OBR shows how austerity killed growth

The OBR published a short note last week showing the impact on growth from the fiscal decisions taken by the Coalition Government. This is not a revelation. The OBR has said before that austerity would have and has had a negative impact on growth, but the chart it produced with this note is quite striking. Here’s the chart.Screenshot 2015-10-27 at 6.13.47 PM

It shows that following the crash, Labour’s discretionary fiscal policy (that’s active changes to government spending and taxation) had a positive impact on growth of around 0.3% in 2008/9 and 2009/10. Labour enacted a fiscal stimulus, but not a very big one.

It’s what this chart shows about the period after the 2010 election though that’s most interesting. After assuming power in 2010, the Coalition embarked on it’s policy of austerity. When it was formed, the OBR actually thought austerity in the first year would have a bigger negative impact than it in fact did, but it still provided a drag on growth of about 1% in 2010/11. 2011/12 was actually the year when austerity really started to kick in. When the OBR made it’s first forecasts though, it thought austerity would have a negative impact on growth of around 0.6%. In actual fact though, it was more like 1%.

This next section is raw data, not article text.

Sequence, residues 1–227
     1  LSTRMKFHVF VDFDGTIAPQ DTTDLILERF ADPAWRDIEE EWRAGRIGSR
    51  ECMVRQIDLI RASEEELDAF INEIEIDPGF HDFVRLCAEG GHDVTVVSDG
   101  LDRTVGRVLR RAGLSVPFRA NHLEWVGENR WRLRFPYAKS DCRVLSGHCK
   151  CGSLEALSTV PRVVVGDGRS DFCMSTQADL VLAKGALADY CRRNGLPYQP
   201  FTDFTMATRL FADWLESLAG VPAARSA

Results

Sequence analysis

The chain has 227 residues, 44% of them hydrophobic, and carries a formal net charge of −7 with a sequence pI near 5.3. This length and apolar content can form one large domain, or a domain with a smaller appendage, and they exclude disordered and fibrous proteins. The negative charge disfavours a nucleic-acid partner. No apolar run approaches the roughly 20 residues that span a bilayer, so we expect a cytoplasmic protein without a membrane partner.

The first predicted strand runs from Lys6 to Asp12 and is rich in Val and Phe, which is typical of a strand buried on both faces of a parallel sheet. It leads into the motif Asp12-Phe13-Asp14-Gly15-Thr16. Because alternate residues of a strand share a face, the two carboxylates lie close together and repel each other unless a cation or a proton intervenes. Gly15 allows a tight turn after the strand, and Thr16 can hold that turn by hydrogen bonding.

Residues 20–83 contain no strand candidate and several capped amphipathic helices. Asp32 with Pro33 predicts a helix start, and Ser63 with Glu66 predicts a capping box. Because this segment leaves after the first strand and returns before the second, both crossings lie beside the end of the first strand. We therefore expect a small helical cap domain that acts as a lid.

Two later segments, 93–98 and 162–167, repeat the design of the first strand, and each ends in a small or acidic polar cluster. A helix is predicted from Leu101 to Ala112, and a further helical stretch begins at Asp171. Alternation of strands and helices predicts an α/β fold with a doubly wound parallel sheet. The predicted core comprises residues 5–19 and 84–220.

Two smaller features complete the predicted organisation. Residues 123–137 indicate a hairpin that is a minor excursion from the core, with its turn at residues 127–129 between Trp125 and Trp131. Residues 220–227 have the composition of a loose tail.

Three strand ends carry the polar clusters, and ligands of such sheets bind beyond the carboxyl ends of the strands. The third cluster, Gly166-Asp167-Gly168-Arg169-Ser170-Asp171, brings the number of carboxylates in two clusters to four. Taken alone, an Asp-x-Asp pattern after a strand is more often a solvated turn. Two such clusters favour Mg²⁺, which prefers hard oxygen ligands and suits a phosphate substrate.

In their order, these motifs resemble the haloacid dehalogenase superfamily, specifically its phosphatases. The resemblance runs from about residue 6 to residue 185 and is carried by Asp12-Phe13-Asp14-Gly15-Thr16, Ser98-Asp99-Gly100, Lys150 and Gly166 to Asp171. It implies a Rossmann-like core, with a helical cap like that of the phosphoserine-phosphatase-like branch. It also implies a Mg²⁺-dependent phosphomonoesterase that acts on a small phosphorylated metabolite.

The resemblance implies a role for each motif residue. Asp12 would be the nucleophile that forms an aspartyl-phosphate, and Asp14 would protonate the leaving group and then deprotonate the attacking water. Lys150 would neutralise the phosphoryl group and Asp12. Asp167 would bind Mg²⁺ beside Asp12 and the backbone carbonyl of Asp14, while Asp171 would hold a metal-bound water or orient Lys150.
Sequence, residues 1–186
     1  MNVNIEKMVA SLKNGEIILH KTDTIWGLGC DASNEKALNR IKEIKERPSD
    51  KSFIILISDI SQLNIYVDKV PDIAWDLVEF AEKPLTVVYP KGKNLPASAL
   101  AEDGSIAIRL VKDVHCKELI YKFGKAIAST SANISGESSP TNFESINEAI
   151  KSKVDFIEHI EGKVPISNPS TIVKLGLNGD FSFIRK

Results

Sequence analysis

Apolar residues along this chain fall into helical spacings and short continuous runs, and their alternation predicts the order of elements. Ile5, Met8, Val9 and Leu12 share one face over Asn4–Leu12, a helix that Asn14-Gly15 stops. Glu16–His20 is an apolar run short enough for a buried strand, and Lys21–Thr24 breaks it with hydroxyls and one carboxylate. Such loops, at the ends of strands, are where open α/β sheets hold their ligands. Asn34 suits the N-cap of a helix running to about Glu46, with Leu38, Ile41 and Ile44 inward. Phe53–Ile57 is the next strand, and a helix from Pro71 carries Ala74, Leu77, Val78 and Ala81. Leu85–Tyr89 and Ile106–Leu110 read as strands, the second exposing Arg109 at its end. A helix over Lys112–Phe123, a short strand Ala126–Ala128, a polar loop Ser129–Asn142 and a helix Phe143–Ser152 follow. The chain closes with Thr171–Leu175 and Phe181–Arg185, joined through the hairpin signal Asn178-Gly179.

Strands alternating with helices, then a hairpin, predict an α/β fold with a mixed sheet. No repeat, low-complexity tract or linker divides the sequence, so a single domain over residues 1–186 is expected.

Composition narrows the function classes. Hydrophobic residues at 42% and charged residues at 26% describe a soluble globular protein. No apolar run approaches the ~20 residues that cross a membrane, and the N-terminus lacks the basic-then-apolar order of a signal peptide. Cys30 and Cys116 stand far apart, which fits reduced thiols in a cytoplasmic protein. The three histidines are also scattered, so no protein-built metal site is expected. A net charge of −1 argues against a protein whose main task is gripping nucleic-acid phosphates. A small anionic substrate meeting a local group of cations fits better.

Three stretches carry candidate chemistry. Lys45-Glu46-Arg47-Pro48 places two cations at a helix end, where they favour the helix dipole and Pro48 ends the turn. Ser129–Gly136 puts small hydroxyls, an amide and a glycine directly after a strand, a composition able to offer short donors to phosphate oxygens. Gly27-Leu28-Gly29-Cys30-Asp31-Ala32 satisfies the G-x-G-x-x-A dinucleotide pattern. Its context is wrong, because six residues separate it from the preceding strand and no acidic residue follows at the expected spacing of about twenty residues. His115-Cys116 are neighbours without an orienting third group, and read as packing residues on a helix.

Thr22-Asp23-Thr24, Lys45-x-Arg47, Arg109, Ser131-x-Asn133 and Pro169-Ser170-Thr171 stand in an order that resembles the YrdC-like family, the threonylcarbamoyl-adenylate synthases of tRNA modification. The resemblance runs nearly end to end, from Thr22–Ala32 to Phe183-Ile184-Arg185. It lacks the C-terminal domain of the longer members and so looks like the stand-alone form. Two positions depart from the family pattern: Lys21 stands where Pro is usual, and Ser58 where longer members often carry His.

It’s fairly well known now that despite the rhetoric, George Osborne actually responded to terrible growth figures in 2011 and 2012 by easing up on austerity, and this can be seen clearly in the chart above. In 2012/13, the government’s discretionary fiscal policy had a very small negative impact on growth, turning to a very small positive impact in 2013/14.

In 2014/15 though, the year before the election (coincidentally I’m sure), George Osborne’s discretionary fiscal policy made a positive contribution to growth of over 0.3%, which is more than Labour’s stimulus provided after the crash. So growth is only at the level it is now because of the positive impact of fiscal policy, something that many Conservatives don’t want to hear.

We are to believe that more cuts are on the way as Osborne tries to achieve a surplus by 2019/20, but if he goes ahead with the cuts implied by his plans – tax credits being only one part of it – it seems likely this negative drag will continue. Coupled with prospects for growth in the rest of the world looking bleak, it seems unlikely that growth can persist alongside spending cuts. Something will have to give.

Advertisements

7 thoughts on “OBR shows how austerity killed growth

  1. Look at the likely regional distribution of this.

    Living costs in the North are rather lower, and massively lower as to property costs, than in the South, This means that low wage workers in the North can live off lower wages than low wage workers in the South, and this has two consequences:

    * Tax credits will go disproportionately to low wage workers in the North, and will benefit them a lot more than better paid low wage workers in the South.

    * Lower wages and property costs in the North will be an incentive to put plants that employ many low wage workers, like warehouses or packed-lunch ones, in the North.